The government programme to rebuild the most dilapidated schools is being delayed because the private finance to fund it hasn’t been found. Shadow Education Secretary Stephen Twigg has slated it for ‘chaos, incompetence and repeated delays’
Last May Michael Gove announced that rebuilding or refurbishment would ‘begin immediately’ on the 261 most dilapidated schools, but the Department of Education has yet to find the necessary private finance to fund 219 of the schools in the five-year programme. The BBC reports that this has resulted in delays of at least a year to the start of work on any school, and some schools in the first wave have been told that work is unlikely to be completed until at 2016 – a delay of two years.
A Local Government Association survey of the schools in the Priority School Building Programme found that only 19 had start dates and 66 hadn’t heard anything about their rebuild. Its Chairman, Councillor David Simmonds, blamed government red tape for the ‘unacceptable’ situation and warned that it ‘threatens to severely impact on our children’s education’.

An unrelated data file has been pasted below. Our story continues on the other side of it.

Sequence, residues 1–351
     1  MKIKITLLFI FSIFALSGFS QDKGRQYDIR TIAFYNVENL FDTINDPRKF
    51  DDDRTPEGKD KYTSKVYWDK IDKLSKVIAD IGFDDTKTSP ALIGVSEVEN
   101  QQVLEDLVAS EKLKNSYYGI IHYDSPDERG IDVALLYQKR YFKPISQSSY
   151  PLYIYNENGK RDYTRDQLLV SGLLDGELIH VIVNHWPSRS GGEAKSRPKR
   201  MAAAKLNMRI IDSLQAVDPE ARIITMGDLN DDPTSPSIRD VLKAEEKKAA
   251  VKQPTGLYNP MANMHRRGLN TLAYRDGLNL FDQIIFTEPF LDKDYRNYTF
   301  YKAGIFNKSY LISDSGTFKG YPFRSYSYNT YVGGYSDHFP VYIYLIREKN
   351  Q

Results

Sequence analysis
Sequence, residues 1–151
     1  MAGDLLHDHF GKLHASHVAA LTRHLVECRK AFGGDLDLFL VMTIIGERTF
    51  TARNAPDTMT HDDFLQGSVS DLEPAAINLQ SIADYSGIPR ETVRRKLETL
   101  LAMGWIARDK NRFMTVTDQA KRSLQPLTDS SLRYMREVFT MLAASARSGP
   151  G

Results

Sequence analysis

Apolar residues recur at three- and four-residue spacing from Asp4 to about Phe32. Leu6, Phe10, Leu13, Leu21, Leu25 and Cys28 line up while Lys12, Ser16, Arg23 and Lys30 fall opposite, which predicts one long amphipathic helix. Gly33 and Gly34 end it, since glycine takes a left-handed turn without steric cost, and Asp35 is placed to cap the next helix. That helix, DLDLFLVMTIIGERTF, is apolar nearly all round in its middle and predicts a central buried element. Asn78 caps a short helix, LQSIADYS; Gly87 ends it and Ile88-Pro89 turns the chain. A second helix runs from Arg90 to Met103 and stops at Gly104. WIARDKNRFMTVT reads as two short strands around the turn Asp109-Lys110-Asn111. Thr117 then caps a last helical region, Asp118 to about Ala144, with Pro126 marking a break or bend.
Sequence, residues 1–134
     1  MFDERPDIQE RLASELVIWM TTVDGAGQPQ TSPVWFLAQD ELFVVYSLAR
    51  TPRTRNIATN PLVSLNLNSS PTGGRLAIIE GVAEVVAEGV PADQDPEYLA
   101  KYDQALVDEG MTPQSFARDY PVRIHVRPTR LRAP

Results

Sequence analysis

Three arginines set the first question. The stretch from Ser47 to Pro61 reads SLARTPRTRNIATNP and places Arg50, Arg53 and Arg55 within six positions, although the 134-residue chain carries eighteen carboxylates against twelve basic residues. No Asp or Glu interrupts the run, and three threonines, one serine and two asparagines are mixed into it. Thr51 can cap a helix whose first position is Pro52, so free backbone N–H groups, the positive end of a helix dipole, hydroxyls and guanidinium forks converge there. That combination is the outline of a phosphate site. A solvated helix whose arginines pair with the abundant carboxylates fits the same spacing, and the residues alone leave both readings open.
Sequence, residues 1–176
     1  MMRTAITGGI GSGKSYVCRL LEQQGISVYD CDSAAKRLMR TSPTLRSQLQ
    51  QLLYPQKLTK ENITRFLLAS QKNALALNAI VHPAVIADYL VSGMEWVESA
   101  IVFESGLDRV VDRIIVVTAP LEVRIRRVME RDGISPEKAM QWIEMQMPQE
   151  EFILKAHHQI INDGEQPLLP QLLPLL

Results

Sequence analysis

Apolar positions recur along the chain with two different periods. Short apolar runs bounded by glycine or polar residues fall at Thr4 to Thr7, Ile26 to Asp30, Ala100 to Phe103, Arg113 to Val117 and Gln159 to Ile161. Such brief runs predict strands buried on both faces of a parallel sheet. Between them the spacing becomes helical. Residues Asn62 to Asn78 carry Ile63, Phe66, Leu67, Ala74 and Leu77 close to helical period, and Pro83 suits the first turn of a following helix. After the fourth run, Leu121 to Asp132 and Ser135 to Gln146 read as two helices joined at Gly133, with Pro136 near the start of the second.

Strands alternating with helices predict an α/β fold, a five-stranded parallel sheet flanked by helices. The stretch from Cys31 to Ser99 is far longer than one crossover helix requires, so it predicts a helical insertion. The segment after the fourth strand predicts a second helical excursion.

ASCL is concerned about the delays and deputy general secretary Malcolm Strobe called on the government to address the issue urgently. “The priority school building programme is only addressing the tip of the iceberg that is out of the water in terms of the condition of school buildings. This is a priority programme and it should be a priority.”
The government has denied that work will be delayed, but said it was essential to take the time to find the right finance arrangement for each school. It is now looking at a number of solutions, including capital bond markets and the European Investment Bank, to fund the flagship programme.
Do you work in one of the schools waiting to be rebuilt? What effect is the delay having on pupils and teachers?